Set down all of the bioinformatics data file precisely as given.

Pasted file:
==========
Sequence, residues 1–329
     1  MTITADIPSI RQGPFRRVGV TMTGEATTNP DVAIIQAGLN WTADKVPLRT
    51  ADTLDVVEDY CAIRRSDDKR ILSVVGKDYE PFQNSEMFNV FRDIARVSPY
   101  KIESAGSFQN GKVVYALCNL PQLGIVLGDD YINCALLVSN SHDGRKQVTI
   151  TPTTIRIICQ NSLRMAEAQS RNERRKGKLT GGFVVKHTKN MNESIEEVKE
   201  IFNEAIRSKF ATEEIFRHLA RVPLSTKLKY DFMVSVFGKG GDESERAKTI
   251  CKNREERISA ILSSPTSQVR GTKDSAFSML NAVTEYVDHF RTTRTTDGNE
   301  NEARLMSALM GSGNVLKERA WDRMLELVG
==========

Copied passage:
Sequence, residues 1–329
     1  MTITADIPSI RQGPFRRVGV TMTGEATTNP DVAIIQAGLN WTADKVPLRT
    51  ADTLDVVEDY CAIRRSDDKR ILSVVGKDYE PFQNSEMFNV FRDIARVSPY
   101  KIESAGSFQN GKVVYALCNL PQLGIVLGDD YINCALLVSN SHDGRKQVTI
   151  TPTTIRIICQ NSLRMAEAQS RNERRKGKLT GGFVVKHTKN MNESIEEVKE
   201  IFNEAIRSKF ATEEIFRHLA RVPLSTKLKY DFMVSVFGKG GDESERAKTI
   251  CKNREERISA ILSSPTSQVR GTKDSAFSML NAVTEYVDHF RTTRTTDGNE
   301  NEARLMSALM GSGNVLKERA WDRMLELVG